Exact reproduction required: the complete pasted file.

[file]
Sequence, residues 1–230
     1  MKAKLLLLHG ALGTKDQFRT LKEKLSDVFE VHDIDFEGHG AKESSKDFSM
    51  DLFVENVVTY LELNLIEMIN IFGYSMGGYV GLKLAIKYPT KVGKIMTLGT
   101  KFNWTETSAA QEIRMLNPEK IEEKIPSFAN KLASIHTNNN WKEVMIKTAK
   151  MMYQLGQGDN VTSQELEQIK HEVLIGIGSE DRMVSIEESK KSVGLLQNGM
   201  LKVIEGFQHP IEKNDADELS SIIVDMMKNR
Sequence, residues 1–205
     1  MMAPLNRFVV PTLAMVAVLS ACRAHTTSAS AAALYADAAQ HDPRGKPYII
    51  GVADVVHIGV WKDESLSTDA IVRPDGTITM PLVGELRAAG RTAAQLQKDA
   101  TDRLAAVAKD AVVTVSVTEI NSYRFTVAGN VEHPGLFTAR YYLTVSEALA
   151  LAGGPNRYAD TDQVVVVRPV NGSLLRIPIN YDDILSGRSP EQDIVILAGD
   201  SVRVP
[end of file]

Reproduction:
Sequence, residues 1–230
     1  MKAKLLLLHG ALGTKDQFRT LKEKLSDVFE VHDIDFEGHG AKESSKDFSM
    51  DLFVENVVTY LELNLIEMIN IFGYSMGGYV GLKLAIKYPT KVGKIMTLGT
   101  KFNWTETSAA QEIRMLNPEK IEEKIPSFAN KLASIHTNNN WKEVMIKTAK
   151  MMYQLGQGDN VTSQELEQIK HEVLIGIGSE DRMVSIEESK KSVGLLQNGM
   201  LKVIEGFQHP IEKNDADELS SIIVDMMKNR
Sequence, residues 1–205
     1  MMAPLNRFVV PTLAMVAVLS ACRAHTTSAS AAALYADAAQ HDPRGKPYII
    51  GVADVVHIGV WKDESLSTDA IVRPDGTITM PLVGELRAAG RTAAQLQKDA
   101  TDRLAAVAKD AVVTVSVTEI NSYRFTVAGN VEHPGLFTAR YYLTVSEALA
   151  LAGGPNRYAD TDQVVVVRPV NGSLLRIPIN YDDILSGRSP EQDIVILAGD
   201  SVRVP